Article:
Facts on ostrich eggs

Written by donna g. morton
  • Share
  • Tweet
  • Share
  • Pin
  • Email
Facts on ostrich eggs
(Microsoft free clipart/photos)

Ostrich eggs come from the world's largest bird, are edible and preferred by some egg-lovers because their health benefits are greater than some of those found in chicken eggs. Ostrich eggs are also large, and a single egg can feed a crowd. Unlike the fragile shells of chicken eggs, the sturdy ostrich egg shell is often used in art and decorating.


Ostrich eggs weigh 1587-2268g. each, which is equivalent in volume to two dozen chicken eggs. Though the largest of all eggs, they are actually the smallest eggs in relation to the size of the bird. Ostrich hens weigh between 136 and 159kg, according to Rooster Cogburn Ostrich Ranch, located between Phoenix and Tucson, Arizona. The eggs are ivory coloured with glossy, thick shells marked with small pits. Because of their large size and hard shells, it takes one hour to soft boil a fresh ostrich egg.

Facts on ostrich eggs
Ostrich eggs whip up easily for fluffier pastries and egg dishes.


Though fluffier in texture and a little sweeter in flavour, ostrich eggs taste very similar to chicken eggs. Their yolk is a bright yellow-orange and whips up easily, making it a good choice for baked goods, pastries and egg dishes. One ostrich egg yields 10 to 12 servings of scrambled eggs and makes an omelette that will feed 10 people.


Ostrich eggs are significantly lower in cholesterol than chicken eggs and have larger amounts of polyunsaturated fatty acids. The vitamin and mineral contents are almost identical to those found in chicken eggs, though ostrich eggs are slightly lower in vitamin A. A single ostrich egg has 2,000 calories, but dividing it by its chicken egg equivalent (two dozen) lowers the caloric content to 83 calories per serving, which is only six calories higher than a chicken egg.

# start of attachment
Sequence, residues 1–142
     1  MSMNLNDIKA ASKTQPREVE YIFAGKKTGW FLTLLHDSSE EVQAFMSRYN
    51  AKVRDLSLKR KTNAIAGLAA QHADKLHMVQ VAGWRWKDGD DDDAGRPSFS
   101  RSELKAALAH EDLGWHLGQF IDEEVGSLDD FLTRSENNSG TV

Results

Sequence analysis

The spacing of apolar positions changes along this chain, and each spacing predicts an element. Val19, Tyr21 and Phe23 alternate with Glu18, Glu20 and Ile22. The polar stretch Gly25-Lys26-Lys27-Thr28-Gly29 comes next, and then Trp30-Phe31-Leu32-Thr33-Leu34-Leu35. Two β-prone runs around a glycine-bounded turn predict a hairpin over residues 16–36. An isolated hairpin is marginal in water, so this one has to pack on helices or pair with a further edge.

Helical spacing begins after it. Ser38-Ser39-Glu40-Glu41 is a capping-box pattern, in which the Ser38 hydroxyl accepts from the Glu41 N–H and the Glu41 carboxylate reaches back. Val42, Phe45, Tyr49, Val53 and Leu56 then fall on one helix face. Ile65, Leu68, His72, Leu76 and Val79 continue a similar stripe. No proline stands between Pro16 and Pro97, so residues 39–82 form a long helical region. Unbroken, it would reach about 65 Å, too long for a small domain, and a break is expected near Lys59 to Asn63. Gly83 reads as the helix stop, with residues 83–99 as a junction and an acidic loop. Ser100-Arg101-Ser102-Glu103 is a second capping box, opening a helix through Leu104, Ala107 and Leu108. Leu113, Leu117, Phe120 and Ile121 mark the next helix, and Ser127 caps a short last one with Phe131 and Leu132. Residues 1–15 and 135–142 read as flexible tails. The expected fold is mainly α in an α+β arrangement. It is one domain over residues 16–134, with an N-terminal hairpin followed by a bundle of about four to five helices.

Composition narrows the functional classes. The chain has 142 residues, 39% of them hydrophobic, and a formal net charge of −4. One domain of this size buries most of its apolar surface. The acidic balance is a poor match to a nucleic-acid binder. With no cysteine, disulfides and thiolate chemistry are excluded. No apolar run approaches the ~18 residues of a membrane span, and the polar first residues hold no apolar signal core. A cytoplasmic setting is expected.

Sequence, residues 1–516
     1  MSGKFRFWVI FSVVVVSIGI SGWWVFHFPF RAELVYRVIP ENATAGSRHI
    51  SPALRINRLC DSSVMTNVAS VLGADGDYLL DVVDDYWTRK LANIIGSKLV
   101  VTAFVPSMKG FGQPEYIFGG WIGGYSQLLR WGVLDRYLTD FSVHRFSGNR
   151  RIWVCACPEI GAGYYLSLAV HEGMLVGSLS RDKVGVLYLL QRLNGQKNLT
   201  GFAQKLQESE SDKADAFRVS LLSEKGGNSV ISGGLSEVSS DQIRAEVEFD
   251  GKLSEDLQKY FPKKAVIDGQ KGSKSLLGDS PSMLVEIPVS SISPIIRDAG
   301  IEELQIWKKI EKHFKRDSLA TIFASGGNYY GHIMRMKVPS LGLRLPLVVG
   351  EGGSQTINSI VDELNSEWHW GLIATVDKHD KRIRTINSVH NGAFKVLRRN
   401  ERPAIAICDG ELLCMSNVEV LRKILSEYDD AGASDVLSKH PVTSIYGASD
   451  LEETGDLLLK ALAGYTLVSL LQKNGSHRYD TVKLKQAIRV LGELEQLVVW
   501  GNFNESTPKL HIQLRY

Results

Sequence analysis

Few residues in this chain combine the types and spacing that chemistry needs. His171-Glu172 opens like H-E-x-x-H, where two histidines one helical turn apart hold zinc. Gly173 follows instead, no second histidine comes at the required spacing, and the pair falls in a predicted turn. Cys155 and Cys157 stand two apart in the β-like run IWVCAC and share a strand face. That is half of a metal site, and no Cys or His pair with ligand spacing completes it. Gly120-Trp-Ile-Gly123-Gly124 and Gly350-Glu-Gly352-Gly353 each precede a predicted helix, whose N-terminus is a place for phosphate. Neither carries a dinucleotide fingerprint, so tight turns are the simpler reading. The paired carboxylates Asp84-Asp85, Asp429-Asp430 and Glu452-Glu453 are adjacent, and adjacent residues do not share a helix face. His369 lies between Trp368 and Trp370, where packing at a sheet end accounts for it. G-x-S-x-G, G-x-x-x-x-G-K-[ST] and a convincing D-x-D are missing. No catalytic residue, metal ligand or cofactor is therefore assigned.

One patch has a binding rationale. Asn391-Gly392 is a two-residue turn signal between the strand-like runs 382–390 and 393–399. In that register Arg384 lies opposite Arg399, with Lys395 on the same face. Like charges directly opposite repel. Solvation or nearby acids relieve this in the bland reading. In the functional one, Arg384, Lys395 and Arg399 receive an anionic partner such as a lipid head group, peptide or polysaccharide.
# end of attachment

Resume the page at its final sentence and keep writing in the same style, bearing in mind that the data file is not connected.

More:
Artisitic Uses

Besides eating them for thousands of years, people have also used ostrich eggs in arts and crafts. Their hard shells make a strong base for creating goods. Flower vases, candy dishes, mugs and jewellery boxes are only some of the items created from shells, while artists can paint many scenes and designs onto the sturdy canvas of the ostrich egg. Sometimes plain shells alone are used for decoration and are displayed on stands made especially for ostrich eggs.


An ostrich hen lays 40 to 100 eggs per year, averaging 60 a year. Eggs lay in a single communal nest, which is a simple pit 12 to 24 inches deep and just under 10 feet wide. The male ostrich scrapes the nest in the ground, then shares incubating duties with the hen. She sits on the eggs by day while he takes over at night. This co-parenting is a protective measure that stems from ostriches being desert animals (though they thrive throughout the world), making their eggs highly vulnerable to the thievery of hyenas, jackals and vultures. The hen's brown and grey colouring blends with the sand during daylight hours, while the male's black feathers are undetectable at night.

Where to Buy

You can purchase ostrich eggs from several ostrich farms and ranches, either in person or by ordering them online. Shipping methods vary, and eggs might not be available during the winter months. You can also find ostrich eggs at some farmer's markets, speciality markets and grocery stores that feature exotic, healthy or pure food departments.

Don't Miss

  • All types
  • Articles
  • Slideshows
  • Videos
  • Most relevant
  • Most popular
  • Most recent

No articles available

No slideshows available

No videos available

By using the eHow.co.uk site, you consent to the use of cookies. For more information, please see our Cookie policy.